the Property together in 2004 or 2005, and Zweifel had promised that he would convey equal ownership in the Property to her. She also testified that, prior to signing the deed, Zweifel said, “This is the right thing to do. I promised you this. This is the right thing to do.” She and Zweifel lived together at the Property about eighteen months, until May 7, 2008.

We defer to the trial court's superior ability to assess factors such as credibility, sincerity, character of the witnesses, and other intangibles not revealed in the transcript. Hale v. Hale, 180 S.W.3d 85, 89 (Mo.App. E.D.2005). “The trial court may accept or reject all, part, or none of the witnesses' testimony.” Id.

Accordingly, the trial court was not required to accept Zweifel's testimony that he purchased the Property and later transferred title to the Property to himself and Felderman based on his understanding that Felderman would pay him half the original purchase price when she sold property she owned in New Mexico. Likewise, the trial court was not required to accept Zweifel's testimony that the joint tenancy conveyance by Zweifel was intended as a conveyance in contemplation of marriage, particularly where the parties had previously been married and divorced prior to Zweifel conveying the Property as joint tenants with right of survivorship and the parties proceeded to live together at the Property as single persons for another year before Felderman's departure.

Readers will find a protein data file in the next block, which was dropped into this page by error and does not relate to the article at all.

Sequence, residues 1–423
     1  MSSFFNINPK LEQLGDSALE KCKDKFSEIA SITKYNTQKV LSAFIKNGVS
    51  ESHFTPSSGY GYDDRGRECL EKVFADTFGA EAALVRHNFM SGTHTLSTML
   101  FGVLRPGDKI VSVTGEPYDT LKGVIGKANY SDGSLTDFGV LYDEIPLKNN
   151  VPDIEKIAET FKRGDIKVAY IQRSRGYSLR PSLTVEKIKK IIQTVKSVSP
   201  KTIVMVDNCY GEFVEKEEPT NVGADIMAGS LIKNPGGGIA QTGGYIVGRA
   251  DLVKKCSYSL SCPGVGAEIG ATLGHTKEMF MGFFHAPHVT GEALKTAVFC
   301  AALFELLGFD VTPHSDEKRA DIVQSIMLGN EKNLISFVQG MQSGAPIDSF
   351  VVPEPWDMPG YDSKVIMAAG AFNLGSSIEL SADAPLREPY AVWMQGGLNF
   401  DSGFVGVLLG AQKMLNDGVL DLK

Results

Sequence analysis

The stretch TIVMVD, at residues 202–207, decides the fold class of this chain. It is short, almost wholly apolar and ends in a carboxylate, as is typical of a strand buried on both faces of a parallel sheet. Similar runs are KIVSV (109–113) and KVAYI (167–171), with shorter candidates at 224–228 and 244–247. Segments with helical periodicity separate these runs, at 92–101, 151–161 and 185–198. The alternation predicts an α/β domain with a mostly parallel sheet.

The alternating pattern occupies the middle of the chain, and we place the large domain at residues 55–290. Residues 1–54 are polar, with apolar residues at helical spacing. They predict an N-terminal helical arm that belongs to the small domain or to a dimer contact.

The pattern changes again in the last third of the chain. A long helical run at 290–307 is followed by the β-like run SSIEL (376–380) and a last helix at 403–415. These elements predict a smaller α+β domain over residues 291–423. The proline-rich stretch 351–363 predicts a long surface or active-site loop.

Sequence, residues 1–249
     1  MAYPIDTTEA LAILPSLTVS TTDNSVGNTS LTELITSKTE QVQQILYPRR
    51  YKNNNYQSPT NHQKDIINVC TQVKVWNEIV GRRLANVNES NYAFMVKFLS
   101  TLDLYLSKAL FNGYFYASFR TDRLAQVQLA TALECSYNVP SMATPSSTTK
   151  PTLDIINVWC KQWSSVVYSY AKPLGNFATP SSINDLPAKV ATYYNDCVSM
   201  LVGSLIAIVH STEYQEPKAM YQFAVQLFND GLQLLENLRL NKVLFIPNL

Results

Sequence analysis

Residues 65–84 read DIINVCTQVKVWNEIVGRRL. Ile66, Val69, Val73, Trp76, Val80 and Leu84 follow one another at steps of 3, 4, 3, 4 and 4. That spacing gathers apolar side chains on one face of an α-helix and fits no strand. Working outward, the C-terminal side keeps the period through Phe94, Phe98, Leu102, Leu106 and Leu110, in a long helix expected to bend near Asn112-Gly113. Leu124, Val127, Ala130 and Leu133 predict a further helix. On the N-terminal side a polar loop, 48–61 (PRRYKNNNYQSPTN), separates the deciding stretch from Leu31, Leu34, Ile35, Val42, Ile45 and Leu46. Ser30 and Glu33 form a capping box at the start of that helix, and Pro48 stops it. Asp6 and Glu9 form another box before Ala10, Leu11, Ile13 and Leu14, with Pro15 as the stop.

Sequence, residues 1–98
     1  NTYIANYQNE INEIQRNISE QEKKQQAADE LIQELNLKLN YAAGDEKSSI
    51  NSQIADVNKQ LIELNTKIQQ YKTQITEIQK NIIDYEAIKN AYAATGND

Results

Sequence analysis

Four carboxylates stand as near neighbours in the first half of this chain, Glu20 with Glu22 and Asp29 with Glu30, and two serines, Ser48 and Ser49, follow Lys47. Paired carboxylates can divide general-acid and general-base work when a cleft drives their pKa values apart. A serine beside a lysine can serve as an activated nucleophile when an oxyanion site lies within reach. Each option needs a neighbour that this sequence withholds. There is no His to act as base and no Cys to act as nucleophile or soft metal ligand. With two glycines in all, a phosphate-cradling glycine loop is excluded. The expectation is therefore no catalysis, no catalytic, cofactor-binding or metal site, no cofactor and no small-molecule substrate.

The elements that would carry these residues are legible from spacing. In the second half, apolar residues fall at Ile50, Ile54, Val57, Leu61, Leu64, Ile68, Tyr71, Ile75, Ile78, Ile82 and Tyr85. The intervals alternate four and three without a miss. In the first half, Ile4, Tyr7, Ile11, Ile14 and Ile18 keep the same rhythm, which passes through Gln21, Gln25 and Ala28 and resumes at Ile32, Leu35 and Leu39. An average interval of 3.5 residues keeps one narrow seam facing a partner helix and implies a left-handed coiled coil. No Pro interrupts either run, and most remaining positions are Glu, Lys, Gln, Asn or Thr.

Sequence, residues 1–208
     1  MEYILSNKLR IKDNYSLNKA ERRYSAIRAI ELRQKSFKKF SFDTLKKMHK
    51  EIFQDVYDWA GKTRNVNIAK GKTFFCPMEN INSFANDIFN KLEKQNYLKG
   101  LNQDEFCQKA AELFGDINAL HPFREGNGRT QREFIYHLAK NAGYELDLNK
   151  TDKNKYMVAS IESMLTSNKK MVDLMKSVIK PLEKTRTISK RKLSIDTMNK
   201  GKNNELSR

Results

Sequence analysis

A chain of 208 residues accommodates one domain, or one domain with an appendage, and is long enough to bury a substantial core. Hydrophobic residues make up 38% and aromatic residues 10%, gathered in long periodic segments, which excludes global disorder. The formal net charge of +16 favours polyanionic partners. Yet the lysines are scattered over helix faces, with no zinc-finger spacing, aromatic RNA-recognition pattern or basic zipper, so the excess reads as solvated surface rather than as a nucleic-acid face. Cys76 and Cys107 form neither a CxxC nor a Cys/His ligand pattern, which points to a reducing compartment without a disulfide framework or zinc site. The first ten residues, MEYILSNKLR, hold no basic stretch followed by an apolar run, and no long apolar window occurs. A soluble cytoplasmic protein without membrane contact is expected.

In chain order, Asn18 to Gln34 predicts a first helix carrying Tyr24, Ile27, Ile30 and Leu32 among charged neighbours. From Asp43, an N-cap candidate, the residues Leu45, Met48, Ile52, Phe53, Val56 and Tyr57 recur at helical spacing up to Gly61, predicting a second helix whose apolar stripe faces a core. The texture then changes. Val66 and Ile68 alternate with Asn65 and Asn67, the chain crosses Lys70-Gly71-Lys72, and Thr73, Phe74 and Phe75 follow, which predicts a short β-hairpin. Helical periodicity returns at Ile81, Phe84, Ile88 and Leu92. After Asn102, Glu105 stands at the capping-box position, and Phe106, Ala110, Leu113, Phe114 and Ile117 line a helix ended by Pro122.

Sufficient evidence in the record supports the trial court's determination that, instead, Zweifel intended to gift one-half interest in the Property to Felderman. The evidence showed that Zweifel purchased the Property on October 21, 2005; he and Felderman lived together at the Property about eighteen months, from November 2006 until May 2008; and he deeded the Property to himself and Felderman on March 5, 2007. Felderman testified that: when they had looked at the Property together in 2004 or 2005, Zweifel promised that he would convey equal ownership in the Property to her; Zweifel invited her to come to Missouri to live with him at the Property; prior to signing the deed transferring the Property to them jointly, Zweifel admitted he had promised her that he would do so; Zweifel conveyed the Property by warranty deed to himself and Felderman as joint tenants with the right of survivorship; and Zweifel and Felderman cohabited on the Property for eighteen months.

There was substantial evidence in the record to support the trial court's judgment finding donative intent on the part of Zweifel in his conveyance of a joint tenancy interest in the Property to Felderman.

Point denied.

Conclusion

The trial court's Judgment is affirmed.

LISA WHITE HARDWICK, Chief Judge, and ROBERT M. SCHIEBER, Special Judge, concur.